Planting plants

As a rule, climbing plants are sold in plastic containers. The planting hole should have twice the volume of the container. A layer of garden or compost soil is placed on the soil of the planting hole and appropriate fertilizer is added. The plant should not be planted deeper than in the container. Around the young plant, the plant hole is filled with garden soil, the earth is festgetreten for the stable sand of the plant. For all freshly planted plants, extensive watering is important. The best irrigation water is soft water from the rain barrel. Young plants are still weak and can use a stick as a support before they can attack the wall or the climbing aid. Tied to a stick, the plant is safer from the wind. As a planting season for most climbers is autumn (September-October) or spring (April-May) recommended.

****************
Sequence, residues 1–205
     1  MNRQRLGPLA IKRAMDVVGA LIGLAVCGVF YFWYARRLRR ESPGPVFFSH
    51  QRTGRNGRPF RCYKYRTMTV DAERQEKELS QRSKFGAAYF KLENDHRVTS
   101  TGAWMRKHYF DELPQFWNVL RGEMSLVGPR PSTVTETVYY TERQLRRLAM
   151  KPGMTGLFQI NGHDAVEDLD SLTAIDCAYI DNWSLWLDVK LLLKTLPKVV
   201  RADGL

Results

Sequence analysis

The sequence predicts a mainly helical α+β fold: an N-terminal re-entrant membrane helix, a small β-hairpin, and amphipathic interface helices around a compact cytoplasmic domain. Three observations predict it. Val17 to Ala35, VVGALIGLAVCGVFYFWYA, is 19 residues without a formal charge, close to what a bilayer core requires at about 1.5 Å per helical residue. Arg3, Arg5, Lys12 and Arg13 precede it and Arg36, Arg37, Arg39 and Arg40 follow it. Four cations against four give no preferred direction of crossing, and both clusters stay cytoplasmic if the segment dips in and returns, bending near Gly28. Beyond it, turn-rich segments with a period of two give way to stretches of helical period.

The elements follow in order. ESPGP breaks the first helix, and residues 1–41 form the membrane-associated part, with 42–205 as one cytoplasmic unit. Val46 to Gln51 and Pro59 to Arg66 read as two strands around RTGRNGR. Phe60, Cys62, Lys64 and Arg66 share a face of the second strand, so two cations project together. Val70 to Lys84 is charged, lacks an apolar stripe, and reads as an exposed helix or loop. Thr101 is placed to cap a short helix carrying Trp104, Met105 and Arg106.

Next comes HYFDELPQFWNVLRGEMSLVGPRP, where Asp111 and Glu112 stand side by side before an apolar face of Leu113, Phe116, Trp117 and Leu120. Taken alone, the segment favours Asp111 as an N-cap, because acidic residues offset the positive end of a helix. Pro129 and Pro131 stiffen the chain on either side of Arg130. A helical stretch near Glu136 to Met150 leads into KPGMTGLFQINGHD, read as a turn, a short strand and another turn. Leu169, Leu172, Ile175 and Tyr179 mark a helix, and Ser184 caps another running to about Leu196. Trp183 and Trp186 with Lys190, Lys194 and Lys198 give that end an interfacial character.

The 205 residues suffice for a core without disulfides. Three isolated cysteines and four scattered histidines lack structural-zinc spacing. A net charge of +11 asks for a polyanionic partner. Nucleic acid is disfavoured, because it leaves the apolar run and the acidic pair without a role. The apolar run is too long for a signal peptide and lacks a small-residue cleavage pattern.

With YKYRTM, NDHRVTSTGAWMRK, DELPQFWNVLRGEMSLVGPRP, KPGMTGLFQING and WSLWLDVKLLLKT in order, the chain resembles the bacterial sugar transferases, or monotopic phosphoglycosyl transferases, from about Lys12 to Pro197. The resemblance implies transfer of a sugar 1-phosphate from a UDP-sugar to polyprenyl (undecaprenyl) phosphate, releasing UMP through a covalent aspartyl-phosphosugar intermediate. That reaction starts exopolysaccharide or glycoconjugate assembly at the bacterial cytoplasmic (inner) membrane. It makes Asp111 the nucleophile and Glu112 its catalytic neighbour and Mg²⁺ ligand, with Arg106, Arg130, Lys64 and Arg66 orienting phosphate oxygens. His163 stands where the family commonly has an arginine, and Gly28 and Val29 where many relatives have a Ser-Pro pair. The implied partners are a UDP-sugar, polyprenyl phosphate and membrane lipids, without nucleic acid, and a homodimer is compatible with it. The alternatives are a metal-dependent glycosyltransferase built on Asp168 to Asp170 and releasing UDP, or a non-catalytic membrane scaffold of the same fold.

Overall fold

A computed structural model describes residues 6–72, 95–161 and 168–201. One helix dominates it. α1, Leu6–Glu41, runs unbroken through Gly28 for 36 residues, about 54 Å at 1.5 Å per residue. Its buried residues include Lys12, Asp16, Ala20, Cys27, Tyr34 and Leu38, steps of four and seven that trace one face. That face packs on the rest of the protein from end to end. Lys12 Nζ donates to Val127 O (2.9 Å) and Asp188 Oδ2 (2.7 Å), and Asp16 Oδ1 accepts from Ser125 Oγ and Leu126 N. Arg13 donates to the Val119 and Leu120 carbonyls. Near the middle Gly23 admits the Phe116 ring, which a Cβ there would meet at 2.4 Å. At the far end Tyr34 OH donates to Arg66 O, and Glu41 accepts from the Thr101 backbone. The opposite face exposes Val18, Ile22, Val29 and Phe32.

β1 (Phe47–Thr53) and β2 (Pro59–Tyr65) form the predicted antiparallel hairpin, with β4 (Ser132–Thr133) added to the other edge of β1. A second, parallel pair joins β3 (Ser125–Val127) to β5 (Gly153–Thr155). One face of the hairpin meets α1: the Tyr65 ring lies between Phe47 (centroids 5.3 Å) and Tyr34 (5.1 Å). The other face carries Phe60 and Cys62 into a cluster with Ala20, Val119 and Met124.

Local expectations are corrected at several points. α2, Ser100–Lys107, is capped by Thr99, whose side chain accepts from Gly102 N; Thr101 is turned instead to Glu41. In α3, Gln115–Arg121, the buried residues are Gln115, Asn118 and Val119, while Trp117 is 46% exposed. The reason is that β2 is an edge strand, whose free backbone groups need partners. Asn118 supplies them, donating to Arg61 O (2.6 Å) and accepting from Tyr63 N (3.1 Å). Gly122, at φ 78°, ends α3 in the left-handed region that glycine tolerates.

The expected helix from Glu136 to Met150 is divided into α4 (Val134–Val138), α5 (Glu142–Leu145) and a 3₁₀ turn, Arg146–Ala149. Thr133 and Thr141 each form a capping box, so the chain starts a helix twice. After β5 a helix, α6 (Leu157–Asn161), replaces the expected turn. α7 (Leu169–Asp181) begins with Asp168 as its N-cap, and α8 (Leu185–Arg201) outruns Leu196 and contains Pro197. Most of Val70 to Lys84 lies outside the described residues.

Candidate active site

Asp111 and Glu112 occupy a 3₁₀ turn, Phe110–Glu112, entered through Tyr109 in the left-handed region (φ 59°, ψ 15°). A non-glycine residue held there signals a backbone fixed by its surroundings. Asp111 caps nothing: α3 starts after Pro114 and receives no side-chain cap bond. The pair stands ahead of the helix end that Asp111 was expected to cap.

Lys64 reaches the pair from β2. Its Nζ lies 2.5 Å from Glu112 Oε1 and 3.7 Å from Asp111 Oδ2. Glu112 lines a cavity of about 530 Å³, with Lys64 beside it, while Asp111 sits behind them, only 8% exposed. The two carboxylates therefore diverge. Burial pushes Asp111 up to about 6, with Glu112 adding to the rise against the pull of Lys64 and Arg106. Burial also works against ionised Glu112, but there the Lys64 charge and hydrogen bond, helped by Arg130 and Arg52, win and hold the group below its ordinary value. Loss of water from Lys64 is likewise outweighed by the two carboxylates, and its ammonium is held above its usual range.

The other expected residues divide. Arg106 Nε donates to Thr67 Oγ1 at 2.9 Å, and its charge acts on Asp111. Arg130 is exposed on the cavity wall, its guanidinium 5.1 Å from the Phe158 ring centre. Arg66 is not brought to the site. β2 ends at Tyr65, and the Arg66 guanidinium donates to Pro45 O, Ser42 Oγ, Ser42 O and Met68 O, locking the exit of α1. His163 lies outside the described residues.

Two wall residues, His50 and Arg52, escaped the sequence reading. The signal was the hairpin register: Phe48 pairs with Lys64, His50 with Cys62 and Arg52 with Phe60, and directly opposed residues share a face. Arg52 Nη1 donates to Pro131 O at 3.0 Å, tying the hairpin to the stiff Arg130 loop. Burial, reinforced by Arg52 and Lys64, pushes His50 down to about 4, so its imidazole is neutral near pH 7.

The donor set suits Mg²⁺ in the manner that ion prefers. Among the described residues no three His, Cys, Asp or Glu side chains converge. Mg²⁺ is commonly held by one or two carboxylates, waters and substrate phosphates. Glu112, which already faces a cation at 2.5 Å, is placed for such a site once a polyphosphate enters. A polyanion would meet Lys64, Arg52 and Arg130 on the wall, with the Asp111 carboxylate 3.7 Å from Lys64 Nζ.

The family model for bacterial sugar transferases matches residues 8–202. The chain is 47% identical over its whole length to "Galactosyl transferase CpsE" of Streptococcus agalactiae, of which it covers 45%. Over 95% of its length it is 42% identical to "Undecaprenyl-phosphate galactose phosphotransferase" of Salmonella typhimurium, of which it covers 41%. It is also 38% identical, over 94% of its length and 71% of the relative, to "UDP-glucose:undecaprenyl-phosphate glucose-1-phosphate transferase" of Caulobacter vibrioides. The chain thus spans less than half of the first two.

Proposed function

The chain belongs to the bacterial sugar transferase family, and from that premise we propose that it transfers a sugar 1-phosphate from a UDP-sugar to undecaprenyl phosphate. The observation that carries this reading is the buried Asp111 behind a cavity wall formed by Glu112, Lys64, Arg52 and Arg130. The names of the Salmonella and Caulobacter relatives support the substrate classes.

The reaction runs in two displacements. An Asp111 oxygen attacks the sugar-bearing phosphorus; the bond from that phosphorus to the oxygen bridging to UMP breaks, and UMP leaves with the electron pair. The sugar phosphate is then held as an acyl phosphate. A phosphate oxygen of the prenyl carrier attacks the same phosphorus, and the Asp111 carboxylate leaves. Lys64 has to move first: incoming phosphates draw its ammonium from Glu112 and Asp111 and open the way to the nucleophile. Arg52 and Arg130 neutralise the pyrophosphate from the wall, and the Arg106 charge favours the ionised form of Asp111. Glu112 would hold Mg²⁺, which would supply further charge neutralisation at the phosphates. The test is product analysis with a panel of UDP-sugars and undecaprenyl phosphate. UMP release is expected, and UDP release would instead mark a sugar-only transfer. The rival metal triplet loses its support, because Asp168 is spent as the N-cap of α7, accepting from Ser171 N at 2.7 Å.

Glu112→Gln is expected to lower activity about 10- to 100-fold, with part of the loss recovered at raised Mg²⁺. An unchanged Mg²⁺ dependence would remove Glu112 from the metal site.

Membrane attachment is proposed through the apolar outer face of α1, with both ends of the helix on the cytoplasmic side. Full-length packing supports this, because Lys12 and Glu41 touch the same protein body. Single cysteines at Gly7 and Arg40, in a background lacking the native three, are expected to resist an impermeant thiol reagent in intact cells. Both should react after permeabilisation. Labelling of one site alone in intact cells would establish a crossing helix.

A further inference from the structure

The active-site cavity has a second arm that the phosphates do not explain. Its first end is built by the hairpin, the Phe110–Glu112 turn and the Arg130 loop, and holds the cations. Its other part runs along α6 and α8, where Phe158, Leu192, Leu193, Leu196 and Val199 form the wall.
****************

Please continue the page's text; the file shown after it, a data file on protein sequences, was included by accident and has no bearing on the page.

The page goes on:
Fertilize and water

Each type of these plants needs a special fertilizer. Long-term fertilizers have proven very good. Humus, rather loose soils with sufficient drainage provide a foundation for the thriving of most climbing plants. Ivy can be fertilized with the fertilizer for hedge plants, often only regular loosening of the soil and addition of compost soil is sufficient. There are special fertilizers for roses; Clematis has a very positive reaction to fertilizers for flowering plants and to the addition of horn shavings.

pruning

Morning Glory - Ipomoea